Daily Archives: September 7, 2012

Stock and Bonds

Stock and Bonds

Katrina Huffstutler

The Cattleman

Don’t tell Pete Bonds you can’t make money in the cattle business. In fact, The Texas and Southwestern Cattle Raisers Association second vice president has been quoted more than once saying he doesn’t know of a legal business in which you can make more.

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Planned crossbreeding generates profit

Planned crossbreeding generates profit

Clifford Mitchell

Cattle Today

Crossbreeding is a tool the forefathers of ranching knew they needed to take advantage of to make a better beef animal. Competitors in the protein market take advantage of this everyday to make a more efficient production system.

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Cereal grains can make fall forage

Cereal grains can make fall forage


Beef herd owners short on pastures for their cows can provide fall grazing by planting cereal grains, says a University of Missouri plant scientist.

“Drought has dried up pastures and I’m getting a lot of calls about what to do,” says Rob Kallenbach, MU Extension forage specialist.

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BeefTalk: May You Find All Your Ear Tags

BeefTalk: May You Find All Your Ear Tags

Kris Ringwall, Beef Specialist, NDSU Extension Service

As fall markets prepare to receive the current calf crop as it comes off the cow, producers initiate late-summer and fall roundups in what becomes an annual, well-planned exercise that repeats every year.

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Three-year-old hay and Vitamin A

Three-year-old hay and Vitamin A

Kenny Barrett

Tri State Livestock News

In the early 1900s vitamins were discovered. Scientists were able to isolate a vital substance, or “vitamin”, that was required in the diet of animals and humans. As the first vital substance it was called vitamin A. However, vitamin A deficiency and reported cures are alluded to in the bible and ancient Egyptian texts suggesting the use of cattle and poultry livers as a cure for eye disease.

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Auction Barn Premiums and Discounts in Oklahoma

Auction Barn Premiums and Discounts in Oklahoma

Deke Alkire and Ryan Reuter

Samuel Roberts Noble Foundation

As input prices continue to rise for cow-calf producers, it is increasingly important to maximize revenue when marketing calves.

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Drought brings untreatable disease to Nebraska cattle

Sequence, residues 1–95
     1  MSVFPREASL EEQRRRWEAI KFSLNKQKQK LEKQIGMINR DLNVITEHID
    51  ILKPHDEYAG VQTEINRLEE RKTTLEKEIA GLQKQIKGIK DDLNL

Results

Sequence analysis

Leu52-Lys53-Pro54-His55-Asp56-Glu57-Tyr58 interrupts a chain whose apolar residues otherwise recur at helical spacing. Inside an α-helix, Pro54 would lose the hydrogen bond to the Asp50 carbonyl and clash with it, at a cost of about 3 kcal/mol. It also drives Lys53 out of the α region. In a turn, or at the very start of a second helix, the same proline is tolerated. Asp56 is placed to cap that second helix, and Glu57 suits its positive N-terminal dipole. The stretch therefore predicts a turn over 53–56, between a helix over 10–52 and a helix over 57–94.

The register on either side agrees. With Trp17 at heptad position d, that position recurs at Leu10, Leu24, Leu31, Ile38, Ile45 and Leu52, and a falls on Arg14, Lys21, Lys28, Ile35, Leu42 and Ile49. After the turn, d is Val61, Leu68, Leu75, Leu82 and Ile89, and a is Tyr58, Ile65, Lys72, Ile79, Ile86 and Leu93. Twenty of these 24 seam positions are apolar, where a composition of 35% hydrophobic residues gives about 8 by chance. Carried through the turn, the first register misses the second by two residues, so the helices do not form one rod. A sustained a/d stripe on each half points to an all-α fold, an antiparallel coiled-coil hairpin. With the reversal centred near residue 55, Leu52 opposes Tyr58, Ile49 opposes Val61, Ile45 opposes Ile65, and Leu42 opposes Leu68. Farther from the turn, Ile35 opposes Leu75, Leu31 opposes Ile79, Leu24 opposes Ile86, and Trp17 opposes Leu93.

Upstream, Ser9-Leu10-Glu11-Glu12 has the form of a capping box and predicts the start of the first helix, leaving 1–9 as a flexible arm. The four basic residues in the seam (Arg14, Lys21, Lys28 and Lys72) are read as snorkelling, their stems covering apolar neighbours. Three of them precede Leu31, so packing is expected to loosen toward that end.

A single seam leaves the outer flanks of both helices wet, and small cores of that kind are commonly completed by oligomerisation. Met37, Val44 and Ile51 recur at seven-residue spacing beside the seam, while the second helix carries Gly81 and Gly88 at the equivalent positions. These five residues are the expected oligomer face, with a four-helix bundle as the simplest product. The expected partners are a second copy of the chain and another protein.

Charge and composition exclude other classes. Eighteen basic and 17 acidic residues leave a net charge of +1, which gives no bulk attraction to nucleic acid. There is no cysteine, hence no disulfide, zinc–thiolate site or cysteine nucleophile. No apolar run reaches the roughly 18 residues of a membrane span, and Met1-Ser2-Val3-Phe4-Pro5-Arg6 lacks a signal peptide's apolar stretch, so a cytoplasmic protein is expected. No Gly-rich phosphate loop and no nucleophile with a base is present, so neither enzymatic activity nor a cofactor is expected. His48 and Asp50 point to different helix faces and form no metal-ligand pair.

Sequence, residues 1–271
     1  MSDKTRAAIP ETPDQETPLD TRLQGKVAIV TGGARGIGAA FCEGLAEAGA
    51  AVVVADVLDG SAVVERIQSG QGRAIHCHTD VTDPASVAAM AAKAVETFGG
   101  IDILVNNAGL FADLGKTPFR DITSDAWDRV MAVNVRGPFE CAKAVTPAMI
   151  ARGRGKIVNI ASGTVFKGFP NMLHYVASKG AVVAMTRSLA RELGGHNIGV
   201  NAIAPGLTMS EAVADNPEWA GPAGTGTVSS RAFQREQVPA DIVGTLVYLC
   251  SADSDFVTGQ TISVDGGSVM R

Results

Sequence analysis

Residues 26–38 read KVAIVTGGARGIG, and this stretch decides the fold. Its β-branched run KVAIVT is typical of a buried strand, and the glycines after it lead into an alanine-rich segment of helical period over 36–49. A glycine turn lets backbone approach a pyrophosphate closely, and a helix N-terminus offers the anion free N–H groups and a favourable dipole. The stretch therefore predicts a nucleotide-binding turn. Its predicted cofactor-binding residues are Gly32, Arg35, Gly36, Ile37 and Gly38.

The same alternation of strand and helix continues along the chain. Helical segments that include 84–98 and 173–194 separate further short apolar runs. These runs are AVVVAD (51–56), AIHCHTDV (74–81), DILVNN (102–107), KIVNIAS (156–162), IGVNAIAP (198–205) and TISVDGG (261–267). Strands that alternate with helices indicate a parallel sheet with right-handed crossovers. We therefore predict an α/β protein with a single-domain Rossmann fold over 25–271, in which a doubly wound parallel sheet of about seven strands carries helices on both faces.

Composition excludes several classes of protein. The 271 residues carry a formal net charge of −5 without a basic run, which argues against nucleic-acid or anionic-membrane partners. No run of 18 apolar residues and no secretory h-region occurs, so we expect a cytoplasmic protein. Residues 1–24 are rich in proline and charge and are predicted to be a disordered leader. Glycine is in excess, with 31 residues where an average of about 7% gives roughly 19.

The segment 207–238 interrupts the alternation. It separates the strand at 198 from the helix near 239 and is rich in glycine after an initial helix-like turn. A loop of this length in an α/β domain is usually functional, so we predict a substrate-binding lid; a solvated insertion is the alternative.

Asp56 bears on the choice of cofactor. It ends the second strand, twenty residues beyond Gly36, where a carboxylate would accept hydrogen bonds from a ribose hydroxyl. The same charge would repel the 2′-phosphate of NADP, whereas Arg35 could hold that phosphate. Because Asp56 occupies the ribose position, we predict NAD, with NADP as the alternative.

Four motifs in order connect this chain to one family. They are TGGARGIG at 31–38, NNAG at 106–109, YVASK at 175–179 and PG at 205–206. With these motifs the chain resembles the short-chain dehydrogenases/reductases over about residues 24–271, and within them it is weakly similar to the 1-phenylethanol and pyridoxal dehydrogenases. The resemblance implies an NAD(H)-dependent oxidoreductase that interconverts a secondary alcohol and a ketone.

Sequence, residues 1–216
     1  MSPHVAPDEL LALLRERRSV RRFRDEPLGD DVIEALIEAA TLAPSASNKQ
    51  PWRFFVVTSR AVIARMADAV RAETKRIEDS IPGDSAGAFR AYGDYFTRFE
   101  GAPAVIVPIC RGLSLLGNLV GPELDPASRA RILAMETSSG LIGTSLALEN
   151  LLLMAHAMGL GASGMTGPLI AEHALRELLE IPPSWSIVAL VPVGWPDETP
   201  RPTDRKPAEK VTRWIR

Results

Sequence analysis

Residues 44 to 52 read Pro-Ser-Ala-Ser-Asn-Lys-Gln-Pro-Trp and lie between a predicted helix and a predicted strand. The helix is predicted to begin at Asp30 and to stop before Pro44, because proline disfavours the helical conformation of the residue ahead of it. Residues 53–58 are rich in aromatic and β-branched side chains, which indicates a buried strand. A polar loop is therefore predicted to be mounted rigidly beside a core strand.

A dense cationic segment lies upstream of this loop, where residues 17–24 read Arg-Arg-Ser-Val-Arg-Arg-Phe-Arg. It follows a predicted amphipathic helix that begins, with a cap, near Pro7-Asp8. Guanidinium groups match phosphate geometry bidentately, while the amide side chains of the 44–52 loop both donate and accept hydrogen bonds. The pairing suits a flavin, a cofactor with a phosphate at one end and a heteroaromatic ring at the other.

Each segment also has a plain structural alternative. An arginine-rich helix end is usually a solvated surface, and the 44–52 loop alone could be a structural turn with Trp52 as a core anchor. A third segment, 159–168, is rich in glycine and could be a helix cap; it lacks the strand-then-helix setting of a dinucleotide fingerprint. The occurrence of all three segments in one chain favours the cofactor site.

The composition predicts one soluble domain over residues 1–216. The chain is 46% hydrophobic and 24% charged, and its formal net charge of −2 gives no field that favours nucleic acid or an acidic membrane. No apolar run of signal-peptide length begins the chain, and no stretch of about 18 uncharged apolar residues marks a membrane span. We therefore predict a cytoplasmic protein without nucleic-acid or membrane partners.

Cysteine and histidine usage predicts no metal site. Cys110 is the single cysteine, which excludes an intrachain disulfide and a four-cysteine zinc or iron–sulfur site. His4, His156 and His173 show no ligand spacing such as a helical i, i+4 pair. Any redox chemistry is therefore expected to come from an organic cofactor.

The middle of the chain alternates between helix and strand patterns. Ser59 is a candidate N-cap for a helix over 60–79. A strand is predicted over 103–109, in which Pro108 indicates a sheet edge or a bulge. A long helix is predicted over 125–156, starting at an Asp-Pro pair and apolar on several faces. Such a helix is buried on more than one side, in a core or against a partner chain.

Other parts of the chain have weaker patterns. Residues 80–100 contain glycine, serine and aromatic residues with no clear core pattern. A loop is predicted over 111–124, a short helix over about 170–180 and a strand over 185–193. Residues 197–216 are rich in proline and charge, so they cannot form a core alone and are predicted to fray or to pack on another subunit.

Drought brings untreatable disease to Nebraska cattle

Brett Wessler


A disease normally seen in deer living in hot and dry conditions has already resulted in nine cases in Nebraska cattle this summer.

 Epizootic Hemorrhagic Disease (EHD) is known to affect deer, however biting insects called midges have spread the disease to cattle this summer.

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Harsh Summer Could Mean a Challenging Fall for Newborn Cal

Harsh Summer Could Mean a Challenging Fall for Newborn Calves


The heat of summer may soon be over but the lasting effects of hot weather are far from behind us. Many cattle producers will begin to see the continued impact of this summer’s hot, dry weather as fall calving season begins.

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Cowboys and cattle rustlers

Cowboys and cattle rustlers

Paul Harden

The Westerner

The origin of the cowboy came from medieval Spain and then to the New World centuries later by the Spaniards.

During the Middle Ages, many Spaniards were nomadic, always on the move to avoid ruthless rulers and invading Moorish armies.

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Hay Supplies Collapse Following Two Drought Years

Hay Supplies Collapse Following Two Drought Years

CME Group

As cow-calf producers prepare for the coming winter months, feed availability will likely remain a concern. Hay prices have increased sharply in the last two years following significant drought conditions in the Southern Plains (2011) and in the Midwest and Great Plains (2012).

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